Bioethics Blogs

Brain Death: Legal Obligations and the Courts

I just published “Brain Death: Legal Obligations and the Courts”  with Christopher M. Burkle (Department of Anesthesiology, Mayo Clinic) in Seminars in Neurology 2015; 35(2): 174-179.  The whole issue is on brain death.

Here is the abstract:  “Brain death, or death determined by neurological criteria, has been legally adopted in all U.S. states for decades. Despite its long-established history, a lack of clear understanding has led to disputes requiring a legal forum for resolution. Recently, physicians and hospitals across the country have been impacted by a growing number of disputes about brain death.”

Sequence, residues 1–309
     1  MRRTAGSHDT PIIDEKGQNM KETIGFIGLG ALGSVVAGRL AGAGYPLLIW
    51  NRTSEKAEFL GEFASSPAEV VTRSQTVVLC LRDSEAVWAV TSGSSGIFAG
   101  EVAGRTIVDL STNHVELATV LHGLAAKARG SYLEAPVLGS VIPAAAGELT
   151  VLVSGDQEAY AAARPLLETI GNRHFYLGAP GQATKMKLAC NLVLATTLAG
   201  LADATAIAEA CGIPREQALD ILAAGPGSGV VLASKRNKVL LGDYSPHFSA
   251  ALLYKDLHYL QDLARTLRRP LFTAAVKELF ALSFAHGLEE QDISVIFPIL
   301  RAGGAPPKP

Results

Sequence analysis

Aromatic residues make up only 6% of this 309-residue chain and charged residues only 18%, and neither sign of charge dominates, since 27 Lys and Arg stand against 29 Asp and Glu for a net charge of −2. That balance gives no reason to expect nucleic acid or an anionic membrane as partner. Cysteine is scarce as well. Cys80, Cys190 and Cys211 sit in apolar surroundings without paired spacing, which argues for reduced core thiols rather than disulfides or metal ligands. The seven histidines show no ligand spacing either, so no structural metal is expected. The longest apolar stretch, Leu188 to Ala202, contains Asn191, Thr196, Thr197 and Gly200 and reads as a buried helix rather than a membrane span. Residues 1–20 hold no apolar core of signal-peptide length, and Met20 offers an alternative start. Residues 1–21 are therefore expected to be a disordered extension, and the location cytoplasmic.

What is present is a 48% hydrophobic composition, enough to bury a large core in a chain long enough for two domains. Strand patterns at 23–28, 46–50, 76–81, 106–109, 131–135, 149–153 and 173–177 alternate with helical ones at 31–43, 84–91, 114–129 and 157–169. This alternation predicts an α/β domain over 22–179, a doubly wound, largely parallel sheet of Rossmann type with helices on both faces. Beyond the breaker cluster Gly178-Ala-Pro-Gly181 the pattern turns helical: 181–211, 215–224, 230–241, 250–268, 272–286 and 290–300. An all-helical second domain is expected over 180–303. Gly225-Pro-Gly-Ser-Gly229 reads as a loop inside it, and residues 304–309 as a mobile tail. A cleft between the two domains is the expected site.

“The authors offer clinicians a historical perspective on the evolution of brain death as a legal cause of death in the United States. They then review the more common legal categories of disputes encountered, including representative court cases for each. This overview provides physicians with a general legal perspective on brain death so they may better appreciate the pertinent issues if and when later confronted.”

The views, opinions and positions expressed by these authors and blogs are theirs and do not necessarily represent that of the Bioethics Research Library and Kennedy Institute of Ethics or Georgetown University.